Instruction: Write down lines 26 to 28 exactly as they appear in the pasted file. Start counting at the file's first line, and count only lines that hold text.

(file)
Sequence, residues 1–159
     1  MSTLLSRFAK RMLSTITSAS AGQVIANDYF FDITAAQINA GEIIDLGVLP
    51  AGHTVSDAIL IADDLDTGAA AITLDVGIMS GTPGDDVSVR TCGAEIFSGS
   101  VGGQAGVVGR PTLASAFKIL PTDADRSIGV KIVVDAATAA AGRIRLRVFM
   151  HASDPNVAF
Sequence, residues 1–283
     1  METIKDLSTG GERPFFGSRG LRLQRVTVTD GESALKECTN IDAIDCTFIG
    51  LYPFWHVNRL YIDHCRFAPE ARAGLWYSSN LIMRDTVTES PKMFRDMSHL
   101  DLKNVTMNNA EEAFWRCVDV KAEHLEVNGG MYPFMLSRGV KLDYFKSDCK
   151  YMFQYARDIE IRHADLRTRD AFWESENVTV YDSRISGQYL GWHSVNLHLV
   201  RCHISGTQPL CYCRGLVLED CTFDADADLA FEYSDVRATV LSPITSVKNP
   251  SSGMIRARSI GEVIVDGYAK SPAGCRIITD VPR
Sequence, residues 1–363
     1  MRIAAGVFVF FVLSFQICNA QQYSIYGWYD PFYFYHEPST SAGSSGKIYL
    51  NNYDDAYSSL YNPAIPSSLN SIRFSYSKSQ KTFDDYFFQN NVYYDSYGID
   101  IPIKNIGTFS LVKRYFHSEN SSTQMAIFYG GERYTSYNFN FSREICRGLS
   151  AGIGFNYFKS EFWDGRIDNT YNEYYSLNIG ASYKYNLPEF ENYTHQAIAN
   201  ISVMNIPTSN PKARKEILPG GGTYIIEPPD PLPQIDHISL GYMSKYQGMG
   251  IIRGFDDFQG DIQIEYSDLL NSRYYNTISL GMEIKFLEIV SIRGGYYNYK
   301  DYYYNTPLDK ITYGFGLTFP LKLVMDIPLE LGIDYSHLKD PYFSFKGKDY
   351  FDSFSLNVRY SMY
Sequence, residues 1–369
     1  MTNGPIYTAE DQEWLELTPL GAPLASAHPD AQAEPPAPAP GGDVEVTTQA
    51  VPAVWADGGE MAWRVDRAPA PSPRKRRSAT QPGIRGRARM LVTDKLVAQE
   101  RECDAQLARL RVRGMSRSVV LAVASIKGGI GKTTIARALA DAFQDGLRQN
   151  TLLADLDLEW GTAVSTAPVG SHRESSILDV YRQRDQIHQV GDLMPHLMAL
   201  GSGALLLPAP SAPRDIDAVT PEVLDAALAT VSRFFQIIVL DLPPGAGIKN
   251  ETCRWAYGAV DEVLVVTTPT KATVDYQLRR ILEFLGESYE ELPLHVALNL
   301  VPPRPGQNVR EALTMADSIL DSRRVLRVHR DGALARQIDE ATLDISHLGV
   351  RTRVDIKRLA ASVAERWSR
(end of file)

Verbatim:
   151  TLLADLDLEW GTAVSTAPVG SHRESSILDV YRQRDQIHQV GDLMPHLMAL
   201  GSGALLLPAP SAPRDIDAVT PEVLDAALAT VSRFFQIIVL DLPPGAGIKN
   251  ETCRWAYGAV DEVLVVTTPT KATVDYQLRR ILEFLGESYE ELPLHVALNL